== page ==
Singer-songwriter Chico Buarque stole the show, to warm applause, in support of Rousseff, who was seated beside him and other legends of the Brazilian left, such as centenarian Oscar Niemayer, the architect of Brasilia, the country’s capital.

“Lula did not lower his voice to a whisper for the United States, and he did not shout at Bolivia and Paraguay,” said Buarque, calling for this style of foreign policy to be maintained.

One of the fathers of liberation theology, Leonardo Boff, who heads a religious group in support of Rousseff’s candidacy, praised Lula’s “revolution without violence” which, he said, met a large proportion of the needs of the poor.

“The dominant classes cannot bear to see a son of poverty, a survivor of Brazil’s troubles, come up from below and become president,” he said before an enthusiastic audience that waved flags and shouted political slogans.

“In their view, a simple laborer like Lula (a former metal worker) belongs in the factory, working for them. The presidency is an office reserved for their kind,” said Boff, referring to the electoral and social sector represented by Serra.

Also present at the event was another leader of the social struggles in Brazil that cemented the foundations of the PT, the head of the Landless Rural Workers Movement (MST), Joao Pedro Stédile.

“Our position is not monolithic,” he told IPS. “It is a collective stance, shaped by discussion with the country’s main social movements, and we reserve the right to criticize Lula’s government over bad policies. We maintain a healthy autonomy.”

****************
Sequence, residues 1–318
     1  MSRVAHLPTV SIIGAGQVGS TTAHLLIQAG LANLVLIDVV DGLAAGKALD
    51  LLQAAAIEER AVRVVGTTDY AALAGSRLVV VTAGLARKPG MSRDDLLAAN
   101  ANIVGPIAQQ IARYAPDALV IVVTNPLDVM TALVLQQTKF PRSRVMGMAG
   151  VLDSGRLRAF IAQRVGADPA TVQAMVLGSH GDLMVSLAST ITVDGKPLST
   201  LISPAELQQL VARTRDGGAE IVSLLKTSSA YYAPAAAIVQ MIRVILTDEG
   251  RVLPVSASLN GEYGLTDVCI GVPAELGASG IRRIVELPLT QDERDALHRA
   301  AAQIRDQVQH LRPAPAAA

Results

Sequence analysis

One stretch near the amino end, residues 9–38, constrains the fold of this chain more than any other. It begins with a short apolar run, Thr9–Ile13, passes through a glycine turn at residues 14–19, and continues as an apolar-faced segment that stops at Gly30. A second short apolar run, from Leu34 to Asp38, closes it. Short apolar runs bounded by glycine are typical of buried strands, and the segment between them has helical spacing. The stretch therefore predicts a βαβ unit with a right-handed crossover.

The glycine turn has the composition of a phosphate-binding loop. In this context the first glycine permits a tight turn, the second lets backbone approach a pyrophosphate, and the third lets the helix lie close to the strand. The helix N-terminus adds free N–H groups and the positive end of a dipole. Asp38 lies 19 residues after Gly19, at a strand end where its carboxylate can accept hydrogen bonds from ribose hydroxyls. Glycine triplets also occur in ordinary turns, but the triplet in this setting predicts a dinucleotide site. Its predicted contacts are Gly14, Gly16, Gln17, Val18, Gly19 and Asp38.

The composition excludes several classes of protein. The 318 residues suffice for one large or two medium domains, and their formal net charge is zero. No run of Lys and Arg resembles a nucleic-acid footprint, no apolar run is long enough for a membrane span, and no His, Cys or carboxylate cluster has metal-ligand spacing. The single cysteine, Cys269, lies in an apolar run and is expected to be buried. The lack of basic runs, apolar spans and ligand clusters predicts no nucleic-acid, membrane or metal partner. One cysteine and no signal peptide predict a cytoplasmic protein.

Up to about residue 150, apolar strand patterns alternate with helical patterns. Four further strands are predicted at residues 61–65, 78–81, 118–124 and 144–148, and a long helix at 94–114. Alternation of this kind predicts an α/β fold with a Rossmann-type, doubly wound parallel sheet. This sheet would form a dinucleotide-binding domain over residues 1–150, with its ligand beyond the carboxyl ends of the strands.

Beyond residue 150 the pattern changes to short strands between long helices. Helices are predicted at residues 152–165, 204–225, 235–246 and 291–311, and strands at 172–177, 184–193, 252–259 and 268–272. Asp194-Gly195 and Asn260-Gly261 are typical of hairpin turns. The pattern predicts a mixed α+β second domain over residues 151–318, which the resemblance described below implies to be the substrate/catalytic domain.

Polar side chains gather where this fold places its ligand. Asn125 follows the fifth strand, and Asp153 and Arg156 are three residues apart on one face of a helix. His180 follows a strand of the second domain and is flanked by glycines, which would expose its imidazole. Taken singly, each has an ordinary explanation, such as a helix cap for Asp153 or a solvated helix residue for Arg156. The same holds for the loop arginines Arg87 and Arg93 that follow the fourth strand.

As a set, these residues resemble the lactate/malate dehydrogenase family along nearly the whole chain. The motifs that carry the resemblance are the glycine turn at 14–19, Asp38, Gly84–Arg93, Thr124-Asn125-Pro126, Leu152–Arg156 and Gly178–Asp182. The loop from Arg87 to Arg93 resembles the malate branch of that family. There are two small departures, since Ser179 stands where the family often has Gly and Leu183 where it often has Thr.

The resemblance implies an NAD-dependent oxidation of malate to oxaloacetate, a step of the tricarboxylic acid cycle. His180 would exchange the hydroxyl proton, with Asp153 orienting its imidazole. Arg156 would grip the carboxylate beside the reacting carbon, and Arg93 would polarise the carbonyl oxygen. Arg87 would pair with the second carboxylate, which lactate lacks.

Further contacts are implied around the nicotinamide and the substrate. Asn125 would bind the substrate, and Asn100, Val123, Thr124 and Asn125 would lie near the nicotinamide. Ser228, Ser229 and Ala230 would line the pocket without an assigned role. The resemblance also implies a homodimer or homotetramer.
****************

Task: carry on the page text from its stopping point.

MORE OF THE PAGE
Along with other small farmer, student, trade union and women’s organizations, the MST decided to “join the struggle and support Rousseff” in order to avert a win for Serra’s “fascist and neoliberal proposals.”

In spite of reservations about the Lula administration on issues like agrarian reform, the social organizations’ manifesto expresses at least one certainty: Serra, who was health minister in the government of Fernando Henrique Cardoso (1995-2003), would represent “a step backwards for social and popular movements and for the advance of democracy in our continent, as well as greater subordination to the empire of the United States,” it says.

Another religious group made up of lay people, pastors, priests and bishops belonging to evangelical and Catholic churches openly expressed support for the PT candidate.

They described their commitment as a reaction to the “conservative attack” on Rousseff, who was being labeled as pro-abortion, although she has never stated this as her position.

“We know there are people who call themselves religious, but who commit atrocities against children. Just because a candidate is religious does not necessarily mean he will govern justly and fairly,” says the group’s manifesto.

A conservative backlash by religious groups was one of the reasons why Rousseff failed to win the 50 percent support she needed for an outright victory on Oct. 3, according to analyst Ricardo Ismael of Rio de Janeiro’s Pontifícia Universidad Católica.

Ismael also mentioned other factors, like accusations of corruption against public figures close to Rousseff, and the strong showing by Green Party candidate and former environment minister Marina Silva, who garnered nearly 20 percent of the vote in the first round.

Sunday’s vote will be “hotly disputed and extremely close,” he said.